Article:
Post Void is a cacophonic nightmare. This game takes you on one hell of a ride. Plummeting through the depths of a hellish white noise-scape and coming out the other side just to shove you right back in there again is a bold move, but one that works every damn time.
Post Void is extremely impressive with how it manages to throw just so much at your face in such a short amount of time as each run takes. I’ve played the first level countless times where it feels like I’ve been on a genuine odyssey. Then I find out after I die that I was alive for less than a minute.
It’s the opposite of a game like Loop Hero, where I can sit down, blink, and have time skip forward into the future. No, Post Void puts a gun in one hand, a skull in the other, and tells you to just get on it. It’s extremely fluid in the way it moves, with your character feeling almost too fast to control a lot of the time, and the mouse’s default sensitivity is ‘extremely fidgety’. You can turn it down, but I’ve had my best Post Void runs after mountains of failure forced me to take a step back.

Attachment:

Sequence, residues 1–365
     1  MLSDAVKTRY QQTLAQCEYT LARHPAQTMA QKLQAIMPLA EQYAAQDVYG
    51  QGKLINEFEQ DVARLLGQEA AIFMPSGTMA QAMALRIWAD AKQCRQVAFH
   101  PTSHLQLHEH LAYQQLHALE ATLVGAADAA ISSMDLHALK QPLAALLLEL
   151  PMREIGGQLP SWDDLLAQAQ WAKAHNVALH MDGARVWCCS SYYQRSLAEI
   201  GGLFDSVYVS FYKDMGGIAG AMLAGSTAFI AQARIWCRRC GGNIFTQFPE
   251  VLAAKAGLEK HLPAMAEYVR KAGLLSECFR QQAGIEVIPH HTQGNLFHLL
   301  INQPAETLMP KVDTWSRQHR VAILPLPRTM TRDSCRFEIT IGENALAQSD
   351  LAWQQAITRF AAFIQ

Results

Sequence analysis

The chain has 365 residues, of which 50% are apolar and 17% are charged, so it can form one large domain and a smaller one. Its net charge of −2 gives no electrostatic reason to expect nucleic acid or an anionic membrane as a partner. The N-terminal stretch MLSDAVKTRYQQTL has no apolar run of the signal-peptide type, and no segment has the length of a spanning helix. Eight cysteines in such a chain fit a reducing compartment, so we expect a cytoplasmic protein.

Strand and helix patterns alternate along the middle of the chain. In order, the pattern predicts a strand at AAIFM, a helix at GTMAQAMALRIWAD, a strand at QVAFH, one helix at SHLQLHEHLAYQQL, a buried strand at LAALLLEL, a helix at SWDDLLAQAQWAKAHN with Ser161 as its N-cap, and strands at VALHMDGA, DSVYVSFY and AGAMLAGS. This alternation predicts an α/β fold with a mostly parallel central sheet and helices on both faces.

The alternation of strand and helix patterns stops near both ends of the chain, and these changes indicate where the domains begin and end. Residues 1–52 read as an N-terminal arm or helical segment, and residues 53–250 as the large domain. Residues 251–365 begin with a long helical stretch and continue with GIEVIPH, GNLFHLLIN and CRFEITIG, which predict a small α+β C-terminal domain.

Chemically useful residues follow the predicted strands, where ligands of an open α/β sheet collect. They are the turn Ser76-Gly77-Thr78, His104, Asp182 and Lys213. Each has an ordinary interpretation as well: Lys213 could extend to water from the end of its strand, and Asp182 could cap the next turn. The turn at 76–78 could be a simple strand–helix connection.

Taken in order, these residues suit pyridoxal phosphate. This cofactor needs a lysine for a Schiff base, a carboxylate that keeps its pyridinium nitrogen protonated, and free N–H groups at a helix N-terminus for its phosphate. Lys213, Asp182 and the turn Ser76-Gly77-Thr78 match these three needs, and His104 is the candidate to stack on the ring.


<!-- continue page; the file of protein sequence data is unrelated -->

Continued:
I’m not going to sit here and talk about how ‘trippy’ the game is or how it’s like being on drugs because I’m not a big loser, but the intense, janky-feeling sensitivity and ludicrous pace with which you can duck in and out of corridors and rooms becomes inexplicably easy at times. You won’t even feel it coming and it’s really hard to explain, but some runs you’ll just stop overthinking it. You’ll hit one-shot kills on enemies, you’ll keep track of the direction you need to head in, and things will just start making sense.
Then you’ll need to take a walk outside and listen to the birds chirping, because those were the most stressful five minutes of your whole week. Post Void shoves your face in a volcano and drags the rest of you kicking and screaming through with it, and it refuses to let you succeed without rising above the pressure.